US 240146 A
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UNITED STATES PATENT OFFICE.
JAMES KILBOURNE, OF COLUMBUS, OHIO.
SPECIFICATION forming part of Letters Patent No. 240,146, dated April 12, 1881.
Application filed December 28, 1880. (N0 model.)
To all whom it may concern:
Be it known that 1, JAMES KILBoURNE, of Columbus, Ohio, have invented certain new and useful Improvements in Sinks, of which the following is a specification.
My invention consists of a sink swaged or struck up from a single sheet of wrought-iron or steel withoutjoint, seam, or interior angle.
Heretofore, so far as I am informed, sinks have been made of cast metal. Sinks of this kind are neither strong nor durable. They break easily and frequently in shipping or in storing them, and also in placing or setting them up in position for use. They are also liable to fractu: e or break it watershould freeze in them, and in order to give them the modicum of strength which they possess a considerable amount of metal must be used in their construction, making them cumbersome and heavy, and increasing expense of manufacture.
I have discovered that the above-specified defects can be completely removed by making the sink of wrought iron or steel, said sink being swaged or struck up from a single sheet of such metal, as hereinbefore first specified. Such a sink is, of course, stronger than one of cast metal, and is not liable to be fractured or broken by a sudden jar or blow. It is cheaper than a cast-metal sink, for the reason that much less metal is required in its construction, and it can, by the swaging operationas, for instance, by being struck up in a drop-pressbe made more rapidly and economically.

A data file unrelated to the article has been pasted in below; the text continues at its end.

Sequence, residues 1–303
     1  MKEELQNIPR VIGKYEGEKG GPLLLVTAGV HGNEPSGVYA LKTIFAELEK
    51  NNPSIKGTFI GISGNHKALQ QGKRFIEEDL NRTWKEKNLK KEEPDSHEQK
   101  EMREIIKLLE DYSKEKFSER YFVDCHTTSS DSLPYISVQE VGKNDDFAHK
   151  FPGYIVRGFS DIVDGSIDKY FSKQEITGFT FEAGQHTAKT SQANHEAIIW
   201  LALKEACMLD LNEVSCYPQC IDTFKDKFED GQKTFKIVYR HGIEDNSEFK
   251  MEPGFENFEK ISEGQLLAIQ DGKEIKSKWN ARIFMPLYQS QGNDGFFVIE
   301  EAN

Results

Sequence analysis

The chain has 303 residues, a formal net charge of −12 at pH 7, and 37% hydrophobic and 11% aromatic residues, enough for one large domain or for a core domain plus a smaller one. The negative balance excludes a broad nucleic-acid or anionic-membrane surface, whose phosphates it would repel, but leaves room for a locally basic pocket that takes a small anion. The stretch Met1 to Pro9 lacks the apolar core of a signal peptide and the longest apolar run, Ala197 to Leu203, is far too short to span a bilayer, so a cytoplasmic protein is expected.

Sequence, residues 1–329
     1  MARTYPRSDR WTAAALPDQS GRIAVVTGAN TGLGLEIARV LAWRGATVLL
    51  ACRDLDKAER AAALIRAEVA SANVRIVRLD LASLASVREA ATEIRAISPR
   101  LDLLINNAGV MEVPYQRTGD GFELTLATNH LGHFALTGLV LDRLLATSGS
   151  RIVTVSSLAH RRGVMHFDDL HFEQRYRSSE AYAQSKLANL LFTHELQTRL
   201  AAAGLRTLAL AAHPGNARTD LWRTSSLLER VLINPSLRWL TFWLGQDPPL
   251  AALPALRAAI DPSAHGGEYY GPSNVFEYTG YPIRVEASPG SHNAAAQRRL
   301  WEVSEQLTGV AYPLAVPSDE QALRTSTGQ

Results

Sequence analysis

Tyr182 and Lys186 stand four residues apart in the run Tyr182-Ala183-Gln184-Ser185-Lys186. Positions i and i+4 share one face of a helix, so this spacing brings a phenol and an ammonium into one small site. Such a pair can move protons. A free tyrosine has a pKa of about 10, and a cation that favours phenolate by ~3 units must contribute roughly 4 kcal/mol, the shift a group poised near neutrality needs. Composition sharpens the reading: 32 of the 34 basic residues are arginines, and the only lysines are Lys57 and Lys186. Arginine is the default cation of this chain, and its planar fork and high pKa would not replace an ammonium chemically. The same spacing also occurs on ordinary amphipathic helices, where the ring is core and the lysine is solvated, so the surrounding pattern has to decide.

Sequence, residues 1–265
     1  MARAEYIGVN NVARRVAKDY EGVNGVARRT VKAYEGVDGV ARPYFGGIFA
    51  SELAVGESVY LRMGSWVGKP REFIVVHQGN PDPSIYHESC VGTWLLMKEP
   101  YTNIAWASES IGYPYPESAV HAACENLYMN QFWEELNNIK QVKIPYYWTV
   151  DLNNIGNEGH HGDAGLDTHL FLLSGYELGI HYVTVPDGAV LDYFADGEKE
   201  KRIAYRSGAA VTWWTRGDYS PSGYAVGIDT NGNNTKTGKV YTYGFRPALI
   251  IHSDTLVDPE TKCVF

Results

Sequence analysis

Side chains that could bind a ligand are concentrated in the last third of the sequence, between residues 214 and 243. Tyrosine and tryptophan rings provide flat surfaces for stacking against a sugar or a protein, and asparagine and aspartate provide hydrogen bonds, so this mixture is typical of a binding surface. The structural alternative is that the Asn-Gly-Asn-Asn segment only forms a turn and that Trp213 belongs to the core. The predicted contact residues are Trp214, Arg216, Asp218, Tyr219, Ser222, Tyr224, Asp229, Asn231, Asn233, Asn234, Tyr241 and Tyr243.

In the accompanying drawings I have represented a sink embodying my improvement.
Figure l is a longitudinal vertical central section, and Fig. 2 is a plan of said sink.
The sink is, as before said, swaged from a single sheet of wrought steel or iron, and is Without joint or seam or interior angle, as shown. The article of this shape can quickly and readily be struck up by means of a droppress. circular depression with holes punched therein for drainage purposes. In lieu of this, however, I ean make the sink with a hole cut through its bottom at the point where the cir- ,cular depression is shown in the drawings, and
then cover this hole by a strainer made of malleable iron or copper. The neck a, to which the waste-pipe is to be attached. is made preferably of malleable iron, and is riveted to the bottom of the sink, as shown in Fig. 1. The sink being, as seen in the drawings, without interior angle, has practically equal strength at all points, and has no corners, where sedi- In the bottom of the sink there is a